Tough Conversations to Have With Your Parents Regarding Aging

Doesn’t it seem like you finish school and settle down only to have the years fly by? Soon, your parents are aging, you’re getting older, and plans that should have been made years ago are now pressing matters. It’s time to have some tough conversations about aging with your mom, dad, and other important family members. 
What Medical Treatments Are They For or Against? 
One area of concern needs to be whether your parents have an advance directive in place. They need to have this legal document drawn up and filed with their doctor and hospital. Their children should also have copies. 
An advance directive gives your parents the chance to make their wishes known in terms of care. If they fall ill or are in an accident and can’t speak for themselves, would they want doctors or even the court system making choices for them? 
Would they want to be put on a ventilator if there was no hope for recovery? How about a feeding tube? Are there religious beliefs that keep them from having surgeries or certain medications? Are they organ donors? 
Who Do They Trust to Make Medical Decisions for Them if They Can’t? 
At the same time, they should have a person who can act as their agent when it comes to medical decisions. This is especially important if a parent has dementia or there’s a family history of dementia. As cognitive skills decline, there will come a time when your parent will not be able to make decisions. Speech often declines and leads to the person no longer talking.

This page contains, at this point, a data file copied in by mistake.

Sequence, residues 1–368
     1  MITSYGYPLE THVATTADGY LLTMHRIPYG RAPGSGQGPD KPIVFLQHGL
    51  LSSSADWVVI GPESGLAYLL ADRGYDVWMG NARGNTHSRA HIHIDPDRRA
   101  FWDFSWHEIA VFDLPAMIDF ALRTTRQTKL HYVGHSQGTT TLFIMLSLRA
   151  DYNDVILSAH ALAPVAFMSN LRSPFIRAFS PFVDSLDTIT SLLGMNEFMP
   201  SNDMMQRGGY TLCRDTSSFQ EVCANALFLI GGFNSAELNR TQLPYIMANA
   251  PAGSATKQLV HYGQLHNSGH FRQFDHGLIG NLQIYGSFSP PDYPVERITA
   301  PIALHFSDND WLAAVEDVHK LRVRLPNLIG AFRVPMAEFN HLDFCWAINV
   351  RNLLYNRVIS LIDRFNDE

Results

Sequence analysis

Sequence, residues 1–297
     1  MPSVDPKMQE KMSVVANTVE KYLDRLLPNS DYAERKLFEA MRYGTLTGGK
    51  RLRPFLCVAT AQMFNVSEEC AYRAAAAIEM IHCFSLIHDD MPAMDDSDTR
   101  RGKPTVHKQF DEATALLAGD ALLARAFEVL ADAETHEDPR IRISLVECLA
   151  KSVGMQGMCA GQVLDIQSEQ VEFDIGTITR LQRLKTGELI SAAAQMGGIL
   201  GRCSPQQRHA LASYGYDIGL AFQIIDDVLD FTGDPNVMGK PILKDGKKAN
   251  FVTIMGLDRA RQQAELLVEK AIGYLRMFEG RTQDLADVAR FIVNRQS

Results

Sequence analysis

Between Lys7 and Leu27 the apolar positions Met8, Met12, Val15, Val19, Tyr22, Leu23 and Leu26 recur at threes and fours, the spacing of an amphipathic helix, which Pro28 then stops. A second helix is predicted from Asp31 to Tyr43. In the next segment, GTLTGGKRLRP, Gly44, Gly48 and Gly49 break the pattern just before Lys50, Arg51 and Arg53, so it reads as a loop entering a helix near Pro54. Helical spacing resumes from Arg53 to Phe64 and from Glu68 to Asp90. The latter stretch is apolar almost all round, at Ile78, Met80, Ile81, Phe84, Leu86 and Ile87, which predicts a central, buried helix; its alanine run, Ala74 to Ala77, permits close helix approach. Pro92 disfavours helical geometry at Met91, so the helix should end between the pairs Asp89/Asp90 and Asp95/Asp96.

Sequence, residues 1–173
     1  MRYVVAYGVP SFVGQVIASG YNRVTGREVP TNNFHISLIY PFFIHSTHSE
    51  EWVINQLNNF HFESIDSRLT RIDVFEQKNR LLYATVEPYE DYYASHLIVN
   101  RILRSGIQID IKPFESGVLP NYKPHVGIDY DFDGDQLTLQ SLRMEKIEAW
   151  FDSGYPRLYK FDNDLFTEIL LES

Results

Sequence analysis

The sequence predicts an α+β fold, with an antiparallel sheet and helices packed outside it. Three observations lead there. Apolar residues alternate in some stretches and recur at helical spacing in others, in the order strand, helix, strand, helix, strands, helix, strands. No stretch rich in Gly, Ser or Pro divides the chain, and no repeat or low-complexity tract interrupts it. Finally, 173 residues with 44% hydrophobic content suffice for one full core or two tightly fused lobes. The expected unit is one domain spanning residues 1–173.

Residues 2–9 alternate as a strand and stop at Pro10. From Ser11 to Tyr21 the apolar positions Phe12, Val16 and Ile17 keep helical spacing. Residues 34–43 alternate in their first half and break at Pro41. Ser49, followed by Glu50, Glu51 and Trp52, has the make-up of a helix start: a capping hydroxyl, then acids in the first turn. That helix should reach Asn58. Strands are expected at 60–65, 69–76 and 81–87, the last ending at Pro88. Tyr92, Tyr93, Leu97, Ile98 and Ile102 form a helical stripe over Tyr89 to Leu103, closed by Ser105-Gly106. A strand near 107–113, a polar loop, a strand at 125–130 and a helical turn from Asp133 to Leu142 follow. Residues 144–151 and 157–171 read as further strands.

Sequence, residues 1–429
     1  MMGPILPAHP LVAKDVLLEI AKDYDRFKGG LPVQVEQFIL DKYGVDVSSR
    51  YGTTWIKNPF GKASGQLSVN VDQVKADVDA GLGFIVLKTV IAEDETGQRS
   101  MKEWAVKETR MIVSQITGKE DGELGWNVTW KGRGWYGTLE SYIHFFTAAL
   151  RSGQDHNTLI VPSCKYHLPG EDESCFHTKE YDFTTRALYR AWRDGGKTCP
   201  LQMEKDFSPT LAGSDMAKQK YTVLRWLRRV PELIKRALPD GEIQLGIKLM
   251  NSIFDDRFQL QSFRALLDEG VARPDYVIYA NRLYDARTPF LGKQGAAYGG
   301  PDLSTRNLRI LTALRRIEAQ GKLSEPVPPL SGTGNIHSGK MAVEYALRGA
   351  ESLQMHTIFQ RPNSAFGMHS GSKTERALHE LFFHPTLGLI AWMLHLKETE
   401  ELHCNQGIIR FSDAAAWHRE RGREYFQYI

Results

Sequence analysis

A power of attorney provides the person your mom or dad picks with the power to make medical decisions following their wishes. The person who is named POA has a copy of the advance directive and uses those guidelines, along with the medical expert’s opinion, to decide what care is offered. 
Who Gets What? 
If your parents have a home, valuables, and other assets, who would they want to inherit their wealth? Would they be okay with the government determining who gets everything? In most states, beneficiaries start with a spouse and proceed to children, parents, siblings, aunts/uncles, and cousins. 
You have an older brother who walked away from the family 30 years ago. Your parents die unexpectedly and wanted you to have their house, but they never had a will drawn up. Your brother could fight you for half of the value of the home. Estate planning is important. 
What’s most important is that your parents do not delay making hard decisions before it’s too late. Contact an attorney for a consultation to discuss wills, powers of attorney, and estate planning. 

If you or a loved need assistance with Elder Law in Pell City, AL contact Nolan Elder Law & Estate Planning today. (205) 390-0101